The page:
Their straightforward menu features filter coffee, simple espresso drinks, cold brew, and the like. A latte with heart art on top is the closest concession you’ll get to cutesy coffee culture at Phil — and that’s just the way roaster and co-founder Han Wang likes it.
Phil Coffee isn’t all about their Ekkamai cafe — charmingly housed in a ’70s-era Thai home — anyway. About three quarters of their business is moving wholesale beans out of their Bang Na small batch, artisanal roasting facility.
So which Bangkok restaurants and cafes are using Phil’s coffee? Wang won’t say a word, since many of his clients private label the beans as their own.
When asked if he’s a coffee purist, Wang says no, but we might disagree. He shared his process for appreciating beans with us: “When I started, it was all about which country the coffee came from. Then I moved on to which farm. Then it became how it was processed. Now, it’s really small stuff like how it’s washed and dried” — differences which he claims he can taste.
In the seven years the Malaysian-born roaster has been in the coffee business, he said he has, over time, begun eating blander and blander foods as his palate has developed. He says he can taste too much in foods now.
They don’t serve much beyond coffee at Phil: a few cakes, croissants, tea, and hot chocolate. Online reviewers say that’s to their detriment, and they could be busier and make more money if they served food.
Wang and his sister, Iwuen Wang — one of two sisters he runs Phil Coffee Company with — say the business would change completely if they decided to serve food, and that it would become more complicated in a way they don’t want.
Adding to our growing belief that Wang might be a perfectionist, he told Coconuts, “I would only serve food if I could have one of the best chefs working under me.”
The Ekkamai cafe has been open for four years, but flies somewhat under the radar being hidden down a side soi. The relaxing little place has cement walls, vintage tiled floors, and a soundtrack of ‘90s faves like Blink 182, Dave Matthews Band, and Mazzy Star. It’s a cozy place surrounded by trees and is more masculine than twee — a rarity in Bangkok. It’s mostly only known to those in the neighborhood who use it as a de facto office, or coffee diehards that traverse the city looking for perfect cups and gorgeous crema.
Wang lamented the state of the city’s coffee culture. “For many of Bangkok’s trendy cafes, it’s not the owner’s main job. It’s for fun, a hobby, or a wife’s side business. And the giant coffee chains’ main goal is revenue, not coffee. They’ll do anything they can to keep costs down, that lowers the quality of the coffee. For us, it’s not so much about the cost of the coffee — it’s about the quality.”
The mainly self-taught roaster got into coffee while doing his degree in Australia. When he came to Bangkok after graduation — his entire family had relocated from Malaysia while he was in school — he couldn’t find a good cup, so he decided to start a roastery.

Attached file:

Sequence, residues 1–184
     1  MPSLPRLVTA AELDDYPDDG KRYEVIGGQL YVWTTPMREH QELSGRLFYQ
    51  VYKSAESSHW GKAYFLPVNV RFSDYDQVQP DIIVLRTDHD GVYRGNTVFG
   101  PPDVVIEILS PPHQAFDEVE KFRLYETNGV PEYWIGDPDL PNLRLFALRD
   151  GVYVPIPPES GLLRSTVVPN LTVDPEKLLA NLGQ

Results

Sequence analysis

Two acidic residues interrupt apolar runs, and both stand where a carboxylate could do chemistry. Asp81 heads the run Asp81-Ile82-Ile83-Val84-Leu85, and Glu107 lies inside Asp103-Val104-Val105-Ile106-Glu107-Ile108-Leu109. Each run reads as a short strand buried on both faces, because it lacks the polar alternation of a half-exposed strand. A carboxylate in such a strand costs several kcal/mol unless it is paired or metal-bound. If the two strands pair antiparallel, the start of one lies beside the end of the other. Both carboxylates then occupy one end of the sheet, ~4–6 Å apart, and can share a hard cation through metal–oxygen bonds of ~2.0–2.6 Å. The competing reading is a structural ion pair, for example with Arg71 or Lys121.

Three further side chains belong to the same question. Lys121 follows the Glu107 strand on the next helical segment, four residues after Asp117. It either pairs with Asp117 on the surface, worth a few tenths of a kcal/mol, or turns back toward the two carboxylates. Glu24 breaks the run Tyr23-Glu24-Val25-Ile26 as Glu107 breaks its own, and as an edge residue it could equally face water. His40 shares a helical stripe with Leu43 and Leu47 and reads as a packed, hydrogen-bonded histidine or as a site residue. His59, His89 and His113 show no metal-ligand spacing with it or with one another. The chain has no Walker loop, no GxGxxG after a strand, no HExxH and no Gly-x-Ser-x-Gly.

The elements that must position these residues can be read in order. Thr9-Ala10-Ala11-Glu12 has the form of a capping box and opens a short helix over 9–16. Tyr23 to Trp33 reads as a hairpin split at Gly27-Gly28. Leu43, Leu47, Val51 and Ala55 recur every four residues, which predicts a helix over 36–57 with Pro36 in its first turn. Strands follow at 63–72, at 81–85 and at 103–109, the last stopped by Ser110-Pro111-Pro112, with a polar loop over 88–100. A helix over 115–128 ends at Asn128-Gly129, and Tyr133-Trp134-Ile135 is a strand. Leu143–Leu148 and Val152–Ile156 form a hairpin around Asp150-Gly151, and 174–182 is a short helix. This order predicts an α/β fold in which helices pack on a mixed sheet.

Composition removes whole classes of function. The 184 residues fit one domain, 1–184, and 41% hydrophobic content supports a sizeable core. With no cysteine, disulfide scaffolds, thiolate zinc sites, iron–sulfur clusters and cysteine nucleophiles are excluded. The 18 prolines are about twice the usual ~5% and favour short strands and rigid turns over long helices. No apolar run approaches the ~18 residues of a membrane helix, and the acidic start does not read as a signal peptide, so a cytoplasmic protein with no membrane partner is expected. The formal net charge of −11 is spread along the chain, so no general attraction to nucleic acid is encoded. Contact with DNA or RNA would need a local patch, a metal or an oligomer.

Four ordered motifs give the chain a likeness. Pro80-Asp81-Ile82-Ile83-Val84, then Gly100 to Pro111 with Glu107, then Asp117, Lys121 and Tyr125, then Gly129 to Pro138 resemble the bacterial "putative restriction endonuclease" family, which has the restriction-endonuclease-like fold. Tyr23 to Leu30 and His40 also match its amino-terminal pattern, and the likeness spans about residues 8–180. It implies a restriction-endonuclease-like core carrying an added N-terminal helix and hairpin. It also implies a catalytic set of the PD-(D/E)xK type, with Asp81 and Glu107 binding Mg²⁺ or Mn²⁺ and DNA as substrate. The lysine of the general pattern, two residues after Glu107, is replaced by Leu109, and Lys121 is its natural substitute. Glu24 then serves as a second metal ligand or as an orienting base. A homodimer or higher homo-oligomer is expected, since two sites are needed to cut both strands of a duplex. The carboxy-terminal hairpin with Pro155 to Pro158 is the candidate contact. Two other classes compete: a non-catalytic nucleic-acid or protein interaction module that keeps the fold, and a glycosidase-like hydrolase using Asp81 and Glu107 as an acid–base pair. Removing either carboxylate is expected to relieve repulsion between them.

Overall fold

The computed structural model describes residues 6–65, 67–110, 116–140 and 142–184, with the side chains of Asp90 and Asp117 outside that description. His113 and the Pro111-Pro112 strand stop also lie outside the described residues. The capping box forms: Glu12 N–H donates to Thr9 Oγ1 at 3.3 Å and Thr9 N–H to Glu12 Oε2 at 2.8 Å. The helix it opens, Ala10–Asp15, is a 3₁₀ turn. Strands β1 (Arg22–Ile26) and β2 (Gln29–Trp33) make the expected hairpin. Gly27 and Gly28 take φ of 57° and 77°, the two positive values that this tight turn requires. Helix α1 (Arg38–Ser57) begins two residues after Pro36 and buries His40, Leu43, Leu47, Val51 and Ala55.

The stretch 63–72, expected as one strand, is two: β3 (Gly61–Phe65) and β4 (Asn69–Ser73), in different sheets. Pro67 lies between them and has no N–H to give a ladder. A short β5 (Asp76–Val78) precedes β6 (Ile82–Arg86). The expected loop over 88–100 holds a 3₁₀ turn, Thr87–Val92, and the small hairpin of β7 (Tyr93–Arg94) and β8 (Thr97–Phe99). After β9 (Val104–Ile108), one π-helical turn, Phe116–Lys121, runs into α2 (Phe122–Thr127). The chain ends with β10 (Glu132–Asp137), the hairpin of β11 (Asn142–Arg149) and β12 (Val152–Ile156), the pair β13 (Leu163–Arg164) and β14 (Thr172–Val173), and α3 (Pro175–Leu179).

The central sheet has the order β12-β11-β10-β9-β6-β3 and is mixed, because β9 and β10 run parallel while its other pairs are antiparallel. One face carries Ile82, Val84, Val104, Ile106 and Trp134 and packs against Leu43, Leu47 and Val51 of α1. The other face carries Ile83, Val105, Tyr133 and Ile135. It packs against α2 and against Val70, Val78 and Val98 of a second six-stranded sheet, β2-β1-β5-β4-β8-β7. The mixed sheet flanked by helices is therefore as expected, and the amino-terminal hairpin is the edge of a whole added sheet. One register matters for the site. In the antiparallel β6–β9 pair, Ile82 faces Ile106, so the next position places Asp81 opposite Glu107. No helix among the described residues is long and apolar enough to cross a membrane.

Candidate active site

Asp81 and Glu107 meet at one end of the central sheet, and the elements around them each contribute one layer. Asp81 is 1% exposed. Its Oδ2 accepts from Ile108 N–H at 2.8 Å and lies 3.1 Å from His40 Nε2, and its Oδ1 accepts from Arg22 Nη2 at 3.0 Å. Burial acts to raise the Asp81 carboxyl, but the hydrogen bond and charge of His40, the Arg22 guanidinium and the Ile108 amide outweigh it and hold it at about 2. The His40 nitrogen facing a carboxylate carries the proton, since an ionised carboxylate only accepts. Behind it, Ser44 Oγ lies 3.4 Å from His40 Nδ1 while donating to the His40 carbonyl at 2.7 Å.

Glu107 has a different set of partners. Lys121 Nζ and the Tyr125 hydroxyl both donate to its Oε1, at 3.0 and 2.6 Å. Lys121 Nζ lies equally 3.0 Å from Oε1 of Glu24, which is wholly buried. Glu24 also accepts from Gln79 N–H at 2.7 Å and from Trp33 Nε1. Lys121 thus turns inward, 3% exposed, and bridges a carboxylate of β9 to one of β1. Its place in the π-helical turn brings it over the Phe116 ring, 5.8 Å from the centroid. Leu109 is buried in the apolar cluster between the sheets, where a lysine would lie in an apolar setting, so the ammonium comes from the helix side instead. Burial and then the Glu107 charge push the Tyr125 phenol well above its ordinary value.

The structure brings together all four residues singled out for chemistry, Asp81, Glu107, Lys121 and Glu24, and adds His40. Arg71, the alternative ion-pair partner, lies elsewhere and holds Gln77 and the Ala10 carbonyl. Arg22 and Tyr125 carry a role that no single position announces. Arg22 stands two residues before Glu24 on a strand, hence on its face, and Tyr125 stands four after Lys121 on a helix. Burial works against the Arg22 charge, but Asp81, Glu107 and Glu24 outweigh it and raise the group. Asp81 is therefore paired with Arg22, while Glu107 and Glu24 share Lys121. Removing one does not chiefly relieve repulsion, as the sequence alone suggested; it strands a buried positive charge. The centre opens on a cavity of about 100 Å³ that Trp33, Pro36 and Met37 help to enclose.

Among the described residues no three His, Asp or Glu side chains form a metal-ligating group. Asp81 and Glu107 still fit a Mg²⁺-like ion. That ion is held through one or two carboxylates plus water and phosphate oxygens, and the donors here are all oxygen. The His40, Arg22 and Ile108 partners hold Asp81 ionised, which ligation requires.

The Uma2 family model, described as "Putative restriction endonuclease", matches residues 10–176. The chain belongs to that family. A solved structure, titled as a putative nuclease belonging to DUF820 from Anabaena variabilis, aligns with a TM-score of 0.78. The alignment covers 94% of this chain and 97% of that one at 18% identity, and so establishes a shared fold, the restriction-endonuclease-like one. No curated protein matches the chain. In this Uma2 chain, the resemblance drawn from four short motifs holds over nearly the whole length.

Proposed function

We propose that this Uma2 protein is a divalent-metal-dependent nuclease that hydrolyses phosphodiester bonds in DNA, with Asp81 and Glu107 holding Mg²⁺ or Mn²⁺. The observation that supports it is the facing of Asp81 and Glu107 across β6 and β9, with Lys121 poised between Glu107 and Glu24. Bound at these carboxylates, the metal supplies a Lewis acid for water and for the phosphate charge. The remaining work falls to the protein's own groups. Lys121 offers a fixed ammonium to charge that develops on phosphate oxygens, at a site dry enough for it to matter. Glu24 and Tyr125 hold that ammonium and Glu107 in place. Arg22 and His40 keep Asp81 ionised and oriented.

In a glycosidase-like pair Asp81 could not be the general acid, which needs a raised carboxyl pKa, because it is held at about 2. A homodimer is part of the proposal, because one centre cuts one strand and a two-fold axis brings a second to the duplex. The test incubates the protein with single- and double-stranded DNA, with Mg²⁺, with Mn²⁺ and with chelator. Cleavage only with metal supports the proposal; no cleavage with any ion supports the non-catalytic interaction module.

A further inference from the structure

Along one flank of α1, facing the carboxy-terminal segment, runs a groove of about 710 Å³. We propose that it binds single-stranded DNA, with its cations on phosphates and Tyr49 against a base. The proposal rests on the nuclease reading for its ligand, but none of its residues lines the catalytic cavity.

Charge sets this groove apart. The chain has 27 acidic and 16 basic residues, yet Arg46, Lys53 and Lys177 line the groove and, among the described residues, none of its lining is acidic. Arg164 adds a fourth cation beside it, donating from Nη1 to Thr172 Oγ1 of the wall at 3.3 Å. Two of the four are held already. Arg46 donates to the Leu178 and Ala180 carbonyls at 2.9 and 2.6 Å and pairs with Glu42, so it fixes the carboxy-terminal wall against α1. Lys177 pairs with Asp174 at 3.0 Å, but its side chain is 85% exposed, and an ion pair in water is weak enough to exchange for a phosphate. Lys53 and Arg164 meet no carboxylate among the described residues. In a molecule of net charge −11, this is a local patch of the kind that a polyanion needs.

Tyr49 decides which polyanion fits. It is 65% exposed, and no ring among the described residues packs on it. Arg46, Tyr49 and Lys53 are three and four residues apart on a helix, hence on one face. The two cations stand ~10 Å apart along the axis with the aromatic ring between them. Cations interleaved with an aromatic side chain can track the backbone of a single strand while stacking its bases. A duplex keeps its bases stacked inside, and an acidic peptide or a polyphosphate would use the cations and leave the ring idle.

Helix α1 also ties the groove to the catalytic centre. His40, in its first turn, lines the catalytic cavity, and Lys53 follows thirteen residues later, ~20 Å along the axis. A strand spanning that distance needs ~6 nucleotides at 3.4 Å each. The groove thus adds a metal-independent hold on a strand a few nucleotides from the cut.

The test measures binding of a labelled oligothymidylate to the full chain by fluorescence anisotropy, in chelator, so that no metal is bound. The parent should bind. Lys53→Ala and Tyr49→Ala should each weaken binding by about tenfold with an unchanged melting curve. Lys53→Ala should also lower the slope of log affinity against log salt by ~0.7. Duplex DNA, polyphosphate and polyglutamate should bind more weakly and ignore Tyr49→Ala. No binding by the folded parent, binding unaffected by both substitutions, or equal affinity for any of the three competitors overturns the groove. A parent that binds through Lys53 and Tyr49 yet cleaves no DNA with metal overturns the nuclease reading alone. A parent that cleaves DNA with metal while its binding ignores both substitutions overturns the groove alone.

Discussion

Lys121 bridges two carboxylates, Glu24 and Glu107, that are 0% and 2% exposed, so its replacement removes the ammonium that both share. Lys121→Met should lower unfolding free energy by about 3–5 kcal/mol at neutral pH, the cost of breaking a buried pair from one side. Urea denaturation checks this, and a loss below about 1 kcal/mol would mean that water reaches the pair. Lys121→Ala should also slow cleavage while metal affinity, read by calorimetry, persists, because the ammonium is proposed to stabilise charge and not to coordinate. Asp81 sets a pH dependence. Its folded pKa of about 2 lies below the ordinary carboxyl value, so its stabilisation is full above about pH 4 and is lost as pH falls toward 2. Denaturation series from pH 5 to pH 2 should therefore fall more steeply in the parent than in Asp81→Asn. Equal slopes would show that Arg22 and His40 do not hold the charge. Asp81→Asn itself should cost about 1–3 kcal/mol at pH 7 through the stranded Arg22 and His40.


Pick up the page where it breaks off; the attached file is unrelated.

Wang creates different blends seasonally and is a big fan of mixing Chiang Rai coffee with African or Brazilian beans to create super-smooth tastes. “I like blending things that taste much different. I don’t see the point of blending ones that are similar.”
He describes his house blend, called Urso, as “flexible, good with milk, balanced, chocolatey, and nutty.” Personally, he prefers his lemony, floral, maple-tinged Hummingbird Blend, which they use as their house blend for filter coffees (THB100).
The barista made us a filter coffee with Ethiopia Idido (THB140), a single origin with notes of apricot, bergamot, sugarcane, and lemon zest. The large quantity was enough for two teacup sized servings. We found it so pleasant, naturally sweet, and easy drinking that adding milk or sugar would have ruined it — and we’re not usually black coffee fans.
The latte was made with the house Urso blend (THB100, served as any of your standard espresso drinks from a shot to a latte) and again, one of the smoother cups we’ve had. Wang seems to have a light hand with his roasting.
When asked about that, he admitted that he used to think coffee was all about the roasting, but now he knows it’s more about finding the perfect raw material and letting it shine through. In his opinion, the roaster’s only job is to preserve a perfect flavor profile.
On the subject of the sweet and seasonal drinks that are the draw to many of the city’s well-known cafes, he said, “It’s disgusting. I can not mix anything with coffee. The whole thing has gone too far. At the beginning, it was just caramel. OK, that kinda matches the flavor of coffee. But now I see drinks that mix green tea with coffee and boba. It’s gross.”
His sister jumped in to say: “It destroys the taste of the coffee and covers it up.”
Though some might see Wang’s approach as old-fashioned, he doesn’t agree. He views specialty drinks as gimmicks. For him, the ultimate sip is a single shot of espresso. But a perfect shot of espresso, of course.
“Ten years ago, it was about the drink. These days, it’s about perfecting your espresso,” he said of serious coffee shops and roasters. “It’s shifted in that direction.”
Phil Coffee Company
21 Sukhumvit Soi 61
Open daily, Weekdays 9am-6pm, Weekends 10am-5:30pm